How the Lotus F1 Team has turbocharged into the data fast lane

TRP: How much data do you generate in total and why is this key to your performance as a racing team?

MT: We've experienced an 80% data growth in the last two years, and now generate 100 gigabytes of data on computational fluid dynamics per hour at the factory. Each season, we create 15,000 design drawings and at trackside, generate at least 25-50 megabytes of data per lap.

We need 100% availability of our data as it essential to the development of the cars through the concept and testing phases, and especially during race weekends when the team is monitoring how the car is running and changing the technology in real-time to suit its requirements.

TRP: How has EMC helped Lotus F1 Team future-proof its business in terms of data demands?

MT: This infrastructure project enabled us to meet the industry demands and changes ahead of the 2014 F1 season and has allowed us to future-proof the business for the next three years in terms of storage capacity. We now have over 1.5 petabytes of storage ready to use at a moment's notice.

TRP: How does Lotus F1 Team see EMC supporting them for future improvement?

MT: This project will support future change within our organisation by enabling us to understand exactly what is happening from every factor in a race, and develop the ability to run complex queries. This means correlating the various datasets, such as GPS, weather, tyre wear, fuel and so on, with driver behaviour and competitor actions.

The ultimate goal for us is real-time analytics. When the team is generating over 2,000 different statistics per lap for each car, there is a real challenge around delivering fast, useful, accurate information to team members. The aim in the future is to have real-time intelligence so that they can make even faster changes during a race.

TRP: What EMC systems are in use?

MT: Lotus F1 Team deployed a number of different EMC technologies in order to help them meet the challenges and rule changes ahead of the 2014 F1 season, to help them future-proof their business and use their data to gain competitive advantage.

These include:

  • Two VCE Vblock Systems, one at its Enstone data centre and one at the trackside. These underpin the Team's Computer-Aided Design (CAD) program and its Microsoft Dynamics Enterprise Resource Planning solution, which enables the Team to design and develop different parts of the car. The trackside system incorporates EMC's VNX storage solution to support the infrastructure and on-track applications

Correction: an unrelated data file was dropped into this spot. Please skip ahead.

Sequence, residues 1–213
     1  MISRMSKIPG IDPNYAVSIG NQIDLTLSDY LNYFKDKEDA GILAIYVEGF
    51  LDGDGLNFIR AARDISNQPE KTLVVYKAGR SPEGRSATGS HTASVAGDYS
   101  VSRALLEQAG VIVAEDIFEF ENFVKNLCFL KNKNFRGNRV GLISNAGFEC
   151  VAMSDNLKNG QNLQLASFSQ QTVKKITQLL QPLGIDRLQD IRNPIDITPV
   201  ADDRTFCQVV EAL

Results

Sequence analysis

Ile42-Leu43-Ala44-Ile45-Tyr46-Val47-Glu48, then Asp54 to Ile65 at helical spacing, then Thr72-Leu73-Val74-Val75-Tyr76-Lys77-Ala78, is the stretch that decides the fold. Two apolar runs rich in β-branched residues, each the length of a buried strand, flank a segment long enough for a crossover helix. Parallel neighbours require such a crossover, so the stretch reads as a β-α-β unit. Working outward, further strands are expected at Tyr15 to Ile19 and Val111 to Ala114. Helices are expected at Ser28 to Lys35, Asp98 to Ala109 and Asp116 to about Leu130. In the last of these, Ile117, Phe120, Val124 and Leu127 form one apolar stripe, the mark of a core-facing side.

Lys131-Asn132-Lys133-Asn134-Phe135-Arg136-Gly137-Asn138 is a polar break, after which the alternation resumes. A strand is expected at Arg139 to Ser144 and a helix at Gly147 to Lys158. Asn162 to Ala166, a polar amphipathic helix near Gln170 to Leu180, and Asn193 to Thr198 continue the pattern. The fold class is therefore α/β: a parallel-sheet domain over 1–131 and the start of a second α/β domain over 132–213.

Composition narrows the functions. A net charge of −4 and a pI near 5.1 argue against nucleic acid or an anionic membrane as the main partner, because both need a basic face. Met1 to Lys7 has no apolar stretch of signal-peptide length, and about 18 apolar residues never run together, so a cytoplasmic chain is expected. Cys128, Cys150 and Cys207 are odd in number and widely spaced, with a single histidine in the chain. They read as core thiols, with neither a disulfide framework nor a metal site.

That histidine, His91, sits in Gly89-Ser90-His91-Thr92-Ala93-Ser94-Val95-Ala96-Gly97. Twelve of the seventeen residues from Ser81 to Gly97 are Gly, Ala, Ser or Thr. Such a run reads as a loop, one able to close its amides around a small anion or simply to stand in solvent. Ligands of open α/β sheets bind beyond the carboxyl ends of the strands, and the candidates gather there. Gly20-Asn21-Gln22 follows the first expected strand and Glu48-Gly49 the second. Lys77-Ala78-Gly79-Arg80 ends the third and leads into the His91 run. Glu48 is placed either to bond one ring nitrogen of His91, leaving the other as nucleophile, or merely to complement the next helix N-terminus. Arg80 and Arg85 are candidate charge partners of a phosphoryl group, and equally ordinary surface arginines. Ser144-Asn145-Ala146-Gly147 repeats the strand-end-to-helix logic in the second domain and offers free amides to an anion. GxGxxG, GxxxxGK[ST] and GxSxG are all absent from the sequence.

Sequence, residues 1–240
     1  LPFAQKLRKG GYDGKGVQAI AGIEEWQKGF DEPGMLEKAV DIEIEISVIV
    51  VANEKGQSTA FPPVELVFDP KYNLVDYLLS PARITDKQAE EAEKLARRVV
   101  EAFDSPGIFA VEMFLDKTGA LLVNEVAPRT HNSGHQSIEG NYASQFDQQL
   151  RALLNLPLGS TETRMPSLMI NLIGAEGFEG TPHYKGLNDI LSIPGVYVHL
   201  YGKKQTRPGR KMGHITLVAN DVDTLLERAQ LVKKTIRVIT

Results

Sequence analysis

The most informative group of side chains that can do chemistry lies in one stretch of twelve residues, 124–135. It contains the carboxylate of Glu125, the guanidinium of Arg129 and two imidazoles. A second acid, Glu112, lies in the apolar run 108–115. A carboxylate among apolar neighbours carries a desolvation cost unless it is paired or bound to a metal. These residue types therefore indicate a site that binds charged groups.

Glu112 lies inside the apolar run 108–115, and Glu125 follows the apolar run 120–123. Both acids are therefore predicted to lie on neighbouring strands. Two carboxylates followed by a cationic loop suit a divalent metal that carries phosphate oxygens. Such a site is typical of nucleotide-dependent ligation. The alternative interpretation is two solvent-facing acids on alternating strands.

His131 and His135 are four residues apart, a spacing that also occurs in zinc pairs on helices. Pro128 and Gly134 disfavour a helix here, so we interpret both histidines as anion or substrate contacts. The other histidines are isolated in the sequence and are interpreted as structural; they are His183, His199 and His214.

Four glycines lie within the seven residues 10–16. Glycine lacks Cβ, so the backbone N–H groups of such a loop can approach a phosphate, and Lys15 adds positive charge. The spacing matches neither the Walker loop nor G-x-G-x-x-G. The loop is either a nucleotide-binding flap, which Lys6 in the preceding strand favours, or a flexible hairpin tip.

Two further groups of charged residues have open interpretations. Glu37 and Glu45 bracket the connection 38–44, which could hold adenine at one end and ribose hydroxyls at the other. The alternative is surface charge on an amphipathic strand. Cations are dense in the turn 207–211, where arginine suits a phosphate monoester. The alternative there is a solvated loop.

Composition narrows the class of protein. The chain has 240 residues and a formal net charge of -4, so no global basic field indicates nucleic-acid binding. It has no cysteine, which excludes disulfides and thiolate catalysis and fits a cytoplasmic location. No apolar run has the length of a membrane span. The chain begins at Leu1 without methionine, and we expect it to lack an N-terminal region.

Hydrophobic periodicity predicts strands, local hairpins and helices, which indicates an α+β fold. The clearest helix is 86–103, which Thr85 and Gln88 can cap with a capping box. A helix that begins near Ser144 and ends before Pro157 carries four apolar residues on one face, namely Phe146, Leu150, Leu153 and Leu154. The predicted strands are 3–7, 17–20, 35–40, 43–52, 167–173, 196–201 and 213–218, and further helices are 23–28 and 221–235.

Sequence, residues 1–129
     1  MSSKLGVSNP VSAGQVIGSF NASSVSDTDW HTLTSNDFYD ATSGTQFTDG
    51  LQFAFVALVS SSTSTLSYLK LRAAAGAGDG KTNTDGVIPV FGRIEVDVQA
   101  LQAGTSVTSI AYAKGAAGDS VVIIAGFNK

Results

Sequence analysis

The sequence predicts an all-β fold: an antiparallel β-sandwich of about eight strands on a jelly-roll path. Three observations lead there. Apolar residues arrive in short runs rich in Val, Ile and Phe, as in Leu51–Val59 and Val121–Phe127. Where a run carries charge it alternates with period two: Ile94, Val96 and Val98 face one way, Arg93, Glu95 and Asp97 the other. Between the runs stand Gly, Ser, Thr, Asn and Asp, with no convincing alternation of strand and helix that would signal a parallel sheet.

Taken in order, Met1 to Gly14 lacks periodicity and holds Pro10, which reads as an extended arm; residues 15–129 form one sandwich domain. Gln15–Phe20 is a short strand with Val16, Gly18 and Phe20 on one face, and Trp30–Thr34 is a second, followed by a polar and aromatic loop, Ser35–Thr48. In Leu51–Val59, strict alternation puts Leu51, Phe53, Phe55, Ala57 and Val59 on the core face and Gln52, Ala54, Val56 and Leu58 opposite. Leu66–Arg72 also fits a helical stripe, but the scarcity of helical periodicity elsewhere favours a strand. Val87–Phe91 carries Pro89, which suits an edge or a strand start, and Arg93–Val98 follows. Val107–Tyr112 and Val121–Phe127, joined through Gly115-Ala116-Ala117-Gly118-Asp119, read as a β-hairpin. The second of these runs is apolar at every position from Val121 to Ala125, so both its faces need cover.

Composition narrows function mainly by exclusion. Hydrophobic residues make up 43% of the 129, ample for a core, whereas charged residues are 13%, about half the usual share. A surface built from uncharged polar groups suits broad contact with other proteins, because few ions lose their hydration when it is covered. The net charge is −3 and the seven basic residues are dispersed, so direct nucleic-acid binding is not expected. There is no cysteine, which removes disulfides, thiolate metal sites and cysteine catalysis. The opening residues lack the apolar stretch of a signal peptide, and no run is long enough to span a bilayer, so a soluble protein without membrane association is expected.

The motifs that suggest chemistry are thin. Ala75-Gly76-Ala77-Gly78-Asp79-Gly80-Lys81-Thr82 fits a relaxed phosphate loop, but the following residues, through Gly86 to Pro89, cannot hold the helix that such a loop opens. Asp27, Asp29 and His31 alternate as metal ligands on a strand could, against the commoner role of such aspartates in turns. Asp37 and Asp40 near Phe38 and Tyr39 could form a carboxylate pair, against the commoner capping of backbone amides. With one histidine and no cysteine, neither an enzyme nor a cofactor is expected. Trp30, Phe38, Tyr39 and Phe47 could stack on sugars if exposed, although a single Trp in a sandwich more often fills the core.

• EMC Atmos, a cloud-based storage platform, allows the Team to store, archive and access its unstructured content at scale. This allows different Teams working on various development stages to get access to each other's information, 100% of the time in the most efficient way
  • EMC's Syncplicity, an enterprise file sync and sharing solution, and Documentum Information Rights Management technology, which tracks and protects information in transit, at rest and after delivery, helps the Lotus F1 Team protect its intellectual property. Information, being a key differentiator in F1, requires vigorous protection as any data could reveal breakthroughs that others could benefit from
  • The Cloud Tiering Appliance solution allows the Team to reclaim valuable primary storage and use it for critical data, lower operating costs and reducing backup requirements by the efficient tiering of the Team's CAD files
Desire Athow
Managing Editor, TechRadar Pro

Désiré has been musing and writing about technology during a career spanning four decades. He dabbled in website builders and web hosting when DHTML and frames were in vogue and started narrating about the impact of technology on society just before the start of the Y2K hysteria at the turn of the last millennium.